A host of Championship clubs are reportedly set to be investigated by the EFL after grounds were sold in order to adhere to Financial Fair Play regulations, report The Times.
The governing body are reportedly set to ask independent property experts to provide valuations of each ground to decide whether the sales to already interested parties were fair.
Derby County, Sheffield Wednesday and Reading are the three teams facing scrutiny after their respective grounds were sold to club owners in order to continue operating within restrictions.
The Rams, for example, sold Pride Park back to owner Mel Morris for a reported £80million to reverse a what would have been a dangerous loss into a profit for the 2017/18 season.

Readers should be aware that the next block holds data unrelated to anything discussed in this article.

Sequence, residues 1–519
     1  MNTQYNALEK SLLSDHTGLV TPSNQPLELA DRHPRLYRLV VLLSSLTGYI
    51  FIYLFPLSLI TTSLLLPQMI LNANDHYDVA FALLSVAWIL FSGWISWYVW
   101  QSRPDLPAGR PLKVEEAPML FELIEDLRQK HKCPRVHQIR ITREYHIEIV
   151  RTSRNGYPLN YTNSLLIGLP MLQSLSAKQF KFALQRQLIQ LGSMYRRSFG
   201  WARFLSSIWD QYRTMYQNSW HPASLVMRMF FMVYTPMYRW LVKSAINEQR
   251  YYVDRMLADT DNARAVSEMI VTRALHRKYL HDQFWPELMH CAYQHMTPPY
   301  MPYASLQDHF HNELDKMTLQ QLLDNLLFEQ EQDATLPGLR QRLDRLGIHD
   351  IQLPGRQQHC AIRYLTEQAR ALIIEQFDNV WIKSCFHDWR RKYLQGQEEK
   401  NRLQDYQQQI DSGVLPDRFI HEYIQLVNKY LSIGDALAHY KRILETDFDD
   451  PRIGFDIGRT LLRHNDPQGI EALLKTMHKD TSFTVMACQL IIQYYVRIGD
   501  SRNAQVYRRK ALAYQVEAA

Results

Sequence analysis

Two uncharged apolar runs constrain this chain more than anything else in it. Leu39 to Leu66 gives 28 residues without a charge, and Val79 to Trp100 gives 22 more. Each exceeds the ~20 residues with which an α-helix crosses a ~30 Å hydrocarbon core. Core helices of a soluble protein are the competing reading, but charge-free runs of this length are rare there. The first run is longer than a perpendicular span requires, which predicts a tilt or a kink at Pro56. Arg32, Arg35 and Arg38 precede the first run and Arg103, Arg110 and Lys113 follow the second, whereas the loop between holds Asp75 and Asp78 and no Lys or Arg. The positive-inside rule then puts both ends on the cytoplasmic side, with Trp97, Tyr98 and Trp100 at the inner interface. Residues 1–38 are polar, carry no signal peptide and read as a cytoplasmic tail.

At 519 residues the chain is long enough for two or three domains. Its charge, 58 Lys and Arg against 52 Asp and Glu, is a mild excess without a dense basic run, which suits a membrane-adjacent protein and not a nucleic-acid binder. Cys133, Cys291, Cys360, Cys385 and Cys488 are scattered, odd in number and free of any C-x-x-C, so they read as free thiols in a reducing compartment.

The investigation will be to see if the stadium is in fact worth £80million or not and if it is found to be significantly less, it is likely that punishments will be dealt out – with a similar process to follow for the Owls and the Royals.
Last season saw Birmingham City become the first team punished in the EFL for breaking the regulations, with the Blues being docked nine points for overspending during previous transfer windows.
It is good to see this being investigated.
As much as it was within the rules, you have to admit, it all looked a little bit dodgy. However, if they are found to be worth what they were sold for, then the EFL will have to hold their hands up and admit this is their fault.
But it is a loophole that ultimately must be closed, either way.